August 2005 
Volume 04, Issue 4 
Industry Wrap

New regional jets could give passengers more interior room

The 787 Dreamliner isn’t the only new passenger airplane that will introduce passengers to a more comfortable flying experience—and possibly give airlines a competitive advantage.

According to a Wall Street Journal article in late June, Embraer, the Brazilian maker of regional jets, has put a full-size cabin in a small jet. The company did this by building a plane with a design involving two overlapping circular cross sections to maximize cabin width and still provide headroom above and cargo space below the cabin floor.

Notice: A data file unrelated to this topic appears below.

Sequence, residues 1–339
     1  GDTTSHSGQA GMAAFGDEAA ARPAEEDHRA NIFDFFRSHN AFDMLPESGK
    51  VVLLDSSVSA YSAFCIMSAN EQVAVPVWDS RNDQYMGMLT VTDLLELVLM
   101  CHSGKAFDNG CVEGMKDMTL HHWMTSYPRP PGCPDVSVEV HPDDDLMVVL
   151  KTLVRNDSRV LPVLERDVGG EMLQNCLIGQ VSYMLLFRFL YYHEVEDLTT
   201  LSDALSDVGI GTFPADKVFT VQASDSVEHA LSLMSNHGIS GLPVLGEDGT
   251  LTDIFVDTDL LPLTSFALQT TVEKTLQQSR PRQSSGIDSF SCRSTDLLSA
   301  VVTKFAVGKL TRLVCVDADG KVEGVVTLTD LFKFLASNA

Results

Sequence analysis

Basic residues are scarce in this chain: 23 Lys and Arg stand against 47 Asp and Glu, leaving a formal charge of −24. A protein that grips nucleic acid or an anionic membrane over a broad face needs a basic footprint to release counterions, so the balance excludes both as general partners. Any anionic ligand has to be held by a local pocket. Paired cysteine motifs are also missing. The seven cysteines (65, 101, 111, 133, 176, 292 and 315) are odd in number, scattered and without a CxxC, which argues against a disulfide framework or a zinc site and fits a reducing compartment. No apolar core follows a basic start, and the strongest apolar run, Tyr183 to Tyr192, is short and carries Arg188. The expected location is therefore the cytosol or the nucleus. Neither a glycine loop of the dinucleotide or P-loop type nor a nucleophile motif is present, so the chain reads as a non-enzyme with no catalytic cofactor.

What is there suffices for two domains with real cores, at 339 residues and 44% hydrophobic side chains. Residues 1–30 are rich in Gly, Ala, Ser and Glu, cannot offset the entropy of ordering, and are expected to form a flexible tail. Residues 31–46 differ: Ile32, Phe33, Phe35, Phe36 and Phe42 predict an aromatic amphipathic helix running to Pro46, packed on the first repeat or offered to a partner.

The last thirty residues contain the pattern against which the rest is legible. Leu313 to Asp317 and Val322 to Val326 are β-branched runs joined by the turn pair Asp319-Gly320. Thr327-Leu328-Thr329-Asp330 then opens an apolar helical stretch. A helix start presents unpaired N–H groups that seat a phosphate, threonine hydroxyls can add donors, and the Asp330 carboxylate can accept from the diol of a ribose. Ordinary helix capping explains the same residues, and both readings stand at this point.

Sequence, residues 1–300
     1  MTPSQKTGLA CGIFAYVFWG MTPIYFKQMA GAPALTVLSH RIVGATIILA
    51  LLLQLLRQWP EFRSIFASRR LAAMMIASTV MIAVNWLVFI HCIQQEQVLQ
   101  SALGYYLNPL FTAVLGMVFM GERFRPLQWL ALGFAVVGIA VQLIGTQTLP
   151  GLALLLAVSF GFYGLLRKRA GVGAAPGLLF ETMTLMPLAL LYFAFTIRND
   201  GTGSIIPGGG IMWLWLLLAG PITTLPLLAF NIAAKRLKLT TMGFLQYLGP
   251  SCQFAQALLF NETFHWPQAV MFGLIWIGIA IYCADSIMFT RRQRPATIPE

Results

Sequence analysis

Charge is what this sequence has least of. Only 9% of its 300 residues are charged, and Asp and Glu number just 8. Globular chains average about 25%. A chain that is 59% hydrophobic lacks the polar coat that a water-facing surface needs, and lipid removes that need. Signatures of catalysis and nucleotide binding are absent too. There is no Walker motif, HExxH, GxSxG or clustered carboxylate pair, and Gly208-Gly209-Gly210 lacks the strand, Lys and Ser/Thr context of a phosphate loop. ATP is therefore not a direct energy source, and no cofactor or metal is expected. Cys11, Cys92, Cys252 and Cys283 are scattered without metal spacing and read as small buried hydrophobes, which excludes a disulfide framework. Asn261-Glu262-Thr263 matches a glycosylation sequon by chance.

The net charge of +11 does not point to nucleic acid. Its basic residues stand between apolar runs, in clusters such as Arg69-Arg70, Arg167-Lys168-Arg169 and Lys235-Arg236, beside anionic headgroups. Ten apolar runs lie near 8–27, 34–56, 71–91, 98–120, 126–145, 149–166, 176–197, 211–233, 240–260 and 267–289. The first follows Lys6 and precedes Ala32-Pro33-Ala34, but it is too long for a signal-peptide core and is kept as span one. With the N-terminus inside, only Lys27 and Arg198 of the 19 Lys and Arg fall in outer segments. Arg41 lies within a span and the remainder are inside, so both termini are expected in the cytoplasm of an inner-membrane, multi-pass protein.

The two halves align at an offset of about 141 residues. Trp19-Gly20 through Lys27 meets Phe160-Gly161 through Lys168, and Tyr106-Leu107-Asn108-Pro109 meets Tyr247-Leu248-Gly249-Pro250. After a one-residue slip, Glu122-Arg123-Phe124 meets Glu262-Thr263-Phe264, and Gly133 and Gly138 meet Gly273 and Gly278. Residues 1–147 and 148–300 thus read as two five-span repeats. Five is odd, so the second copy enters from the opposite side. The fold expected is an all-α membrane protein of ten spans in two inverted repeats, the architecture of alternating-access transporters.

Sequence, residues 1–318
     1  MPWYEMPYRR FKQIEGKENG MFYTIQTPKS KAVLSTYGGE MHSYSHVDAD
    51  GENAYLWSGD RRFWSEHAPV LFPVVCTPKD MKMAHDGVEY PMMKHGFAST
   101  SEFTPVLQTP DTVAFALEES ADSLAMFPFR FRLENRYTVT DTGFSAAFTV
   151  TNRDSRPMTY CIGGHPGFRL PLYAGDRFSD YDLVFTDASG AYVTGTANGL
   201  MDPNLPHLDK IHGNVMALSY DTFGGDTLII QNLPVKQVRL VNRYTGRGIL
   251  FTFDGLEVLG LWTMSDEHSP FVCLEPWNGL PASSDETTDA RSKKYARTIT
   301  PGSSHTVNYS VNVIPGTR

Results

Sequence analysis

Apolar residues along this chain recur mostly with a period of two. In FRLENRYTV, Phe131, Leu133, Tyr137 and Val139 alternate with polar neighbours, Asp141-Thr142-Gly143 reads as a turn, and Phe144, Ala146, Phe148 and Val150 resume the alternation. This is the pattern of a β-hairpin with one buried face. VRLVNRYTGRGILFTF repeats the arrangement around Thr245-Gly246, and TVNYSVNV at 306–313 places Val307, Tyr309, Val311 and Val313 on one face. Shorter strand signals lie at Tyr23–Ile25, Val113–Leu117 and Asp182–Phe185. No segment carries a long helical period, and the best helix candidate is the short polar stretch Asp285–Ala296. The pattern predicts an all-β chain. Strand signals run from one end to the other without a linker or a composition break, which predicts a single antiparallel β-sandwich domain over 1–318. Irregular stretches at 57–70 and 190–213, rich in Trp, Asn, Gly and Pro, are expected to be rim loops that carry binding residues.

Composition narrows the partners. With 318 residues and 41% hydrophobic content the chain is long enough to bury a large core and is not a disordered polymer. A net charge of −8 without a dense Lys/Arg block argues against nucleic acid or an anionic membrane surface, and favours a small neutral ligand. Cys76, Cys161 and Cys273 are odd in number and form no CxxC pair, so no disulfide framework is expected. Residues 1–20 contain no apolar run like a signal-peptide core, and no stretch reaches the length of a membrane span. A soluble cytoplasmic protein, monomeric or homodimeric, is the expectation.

The result is a cabin that is “a miniairliner,” Orlando José Ferreira Neto, director of market intelligence, told the Journal, and would be bigger than the cabins of most of today’s regional jets.

The cabins of the Embraer jets—four models, labeled 170, 175, 190 and 195—are laid out with two seats on each side of the aisle. There are overhead bins for luggage, and a 6-foot-7-inch-tall person (201 centimeters) can stand in the aisle. This is in marked contrast to many of today’s regional jets, on which carry-on baggage allowances and passenger space can be tight. The bigger cabins could raise passengers’ air-travel expectations by bringing full-size-airplane passenger comfort on routes to and from smaller cities, the Journal said.

Alitalia was the launch customer for the 70-passenger Embraer 170, and commuter affiliates of US Airways and United Airlines are flying a few in the United States. New York-based JetBlue Airways will be the launch customer for the 100-passenger 190. JetBlue takes its first delivery this fall.

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